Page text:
To say it short, I am really intrested in the last empror of China. The reason why I'm intrested is that I saw this facinating movie called "The Last Empror" directed by Bernardo Bertolucci. This is more than a simple movie it's really touching and I think that everyone should see it. I have come to be very curious about his life and the last chineese dynasty called "Qing" or "Ching".
Henry Pu-Yi (1906-67) was the last emperor of China. His reign name was Hsuan Tung. After the abdication the republicans gave him permition to live in the Forbidden City of Beijing until 1924. After that he lived in the Japanese territory in Tiajin. In 1934 he was crowned emperor of the Japanese puppet state of "Manchukuo" or Machuria. At the end of the war the Russians advanced into Manchuria and captured Emperor Pu Yi. He was kept comfortable in Russia until 1950 when he was turned over to the government of Communist China. He was imprisoned at Shenyang until 1959. Finally, the government decided he could be useful as a propaganda tool and released him to become a gardener. Empror Pu Yi died in 1967, it's unclear how. But he died probably whether from cancer or maybe he was killed by the Chinese sectret police.
May I present "The Great Emperor of the Great Ching Dynasty, Great Kahn of Tartary, Son of Heaven and Lord of Ten Thousand Years"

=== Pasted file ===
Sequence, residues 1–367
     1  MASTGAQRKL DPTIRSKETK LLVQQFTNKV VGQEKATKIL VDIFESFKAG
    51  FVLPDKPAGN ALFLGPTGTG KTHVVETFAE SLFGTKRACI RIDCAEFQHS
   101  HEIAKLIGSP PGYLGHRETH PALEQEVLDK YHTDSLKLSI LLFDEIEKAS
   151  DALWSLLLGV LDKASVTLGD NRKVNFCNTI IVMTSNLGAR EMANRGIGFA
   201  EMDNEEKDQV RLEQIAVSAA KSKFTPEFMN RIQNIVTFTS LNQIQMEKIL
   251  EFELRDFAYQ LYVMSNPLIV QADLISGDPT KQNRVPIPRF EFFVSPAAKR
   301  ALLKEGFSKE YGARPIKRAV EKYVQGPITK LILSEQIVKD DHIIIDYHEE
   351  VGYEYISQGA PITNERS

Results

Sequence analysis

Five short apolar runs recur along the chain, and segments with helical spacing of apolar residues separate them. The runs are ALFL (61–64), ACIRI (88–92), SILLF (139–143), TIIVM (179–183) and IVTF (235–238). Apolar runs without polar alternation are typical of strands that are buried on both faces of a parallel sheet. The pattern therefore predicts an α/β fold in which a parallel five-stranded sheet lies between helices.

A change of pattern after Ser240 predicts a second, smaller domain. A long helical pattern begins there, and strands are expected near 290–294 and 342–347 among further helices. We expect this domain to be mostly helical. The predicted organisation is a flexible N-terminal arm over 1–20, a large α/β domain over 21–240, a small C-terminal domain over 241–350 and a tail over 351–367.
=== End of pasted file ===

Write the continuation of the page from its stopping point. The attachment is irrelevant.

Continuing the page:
The greatest pleasure in life is doing what people say you cannot do
This movie and the biography on which it is based, (same title), written by Edward Behr. Is what got me interested in royalty. More particularly Asian Imperial families.
Those kids that played the younger Pu Yi and Pu Wren were fantastic don't you think?
Just to clear up a few things, Pu Yi was born in 1903. His full Manchu name is Axein Julen Pu Yi. Tsu Tang, the dowager empress chose him as successor to her son, and he was entroned in 1906, less than a week after she died. In 1912 he abdicated without knowing so when Chang Kai Chek gave the eunichs a document for him to sign.
Even though he was seen to be Shintoist during his reign as Emperor of Manchuko, he was even more of a Buddist in private. His First wife, the primary consort and Empress divorced him, his second wife, the first concubine became pregnant to her Japanese lover while in Manchuria, the child was forcibly aborted and she suicided.
Henry Pu Yi, although he not yet 'surrendered' tried to escape to American occupied territory but since the soviets joined the war and 'liberated' Manchria first they captured him. He was re-educated to the communist way of thinking in China, and was set to work in the forbidden city.
If you can ever get your hands on a copy of 'Hirohito, the man behind the myth' written by Edward Behr, I strongly recommend that you read it.
FAVORITE LINES FROM THE MOVIE
Pu Wren (when his brother saw that he was wearing yellow ) it is normal lellow
Pu Wren (on seeing the presidentical car from the palace wall, to the emperor) China is a plebulic
GUANGZHOU: Zhao Mei, known as "the King of Nanyue (South China)", may have been a victim of his own "pills of immortality."
The king may have died after taking the elixir of life he tried to make more than 2,000 years ago, senior archaeologists said Monday.
Archaeologists found many "pills of immortality" inside Zhao's tomb yesterday in Guangzhou, capital of South China's Guangdong Province, after they dug out the ancient tomb for archaeological studies.